Why Don't Americans Vote?
Causes and Consequences
How do socialization, mobilization, and legal structures help—or hinder—participation in the political process?
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This timely book provides a thought-provoking discussion of issues that influence voter registration and turnout in contemporary America.
Elections not only determine who will fill an office; they have a lot to say about how the democratic process works—or doesn't work—in 21st-century America. This fascinating book sheds light on that question by focusing on factors that currently shape elections and political participation in the United States. It covers issues that are consistently in the media, such as gerrymandering; voter ID; and rules pertaining to when, where, and how Americans register and vote. But it also goes beyond the obvious to consider issues that are often overlooked—civic education and engagement, citizen apathy, and political alienation, for example.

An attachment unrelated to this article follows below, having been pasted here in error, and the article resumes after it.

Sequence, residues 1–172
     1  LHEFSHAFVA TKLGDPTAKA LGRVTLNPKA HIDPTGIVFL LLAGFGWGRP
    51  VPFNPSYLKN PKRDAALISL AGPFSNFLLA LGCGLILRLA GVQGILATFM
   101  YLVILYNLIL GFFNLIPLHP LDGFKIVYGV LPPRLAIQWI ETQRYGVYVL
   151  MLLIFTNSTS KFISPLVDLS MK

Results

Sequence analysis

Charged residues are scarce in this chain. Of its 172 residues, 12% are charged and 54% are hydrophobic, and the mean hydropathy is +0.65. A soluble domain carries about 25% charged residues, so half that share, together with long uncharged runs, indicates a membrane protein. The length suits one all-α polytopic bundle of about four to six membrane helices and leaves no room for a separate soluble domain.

The volume begins with an introduction to elections that includes a discussion of the history of voting in the United States. Each subsequent chapter covers a different topic relative to registration and voting. It addresses matters of education as well as socialization, mobilization, and the legal and political structures that shape U.S. political participation. Ideal for readers who may be considering such concerns for the first time, the work will foster an understanding of why political participation is important and of the causes and consequences of non-voting.
- Provides readers with the historical context of registration and voting in the United States
- Offers a broad overview of these issues today
- Showcases the various ways federal and state governments have responded to low voter turnout
- Helps readers make their own educated assessment of the concerns discussed
- Author Info
"Anyone interested in learning about voter turnout in U.S. elections will find something of interest in this slim volume."
"Summing Up: Recommended. Lower-division undergraduates through faculty."
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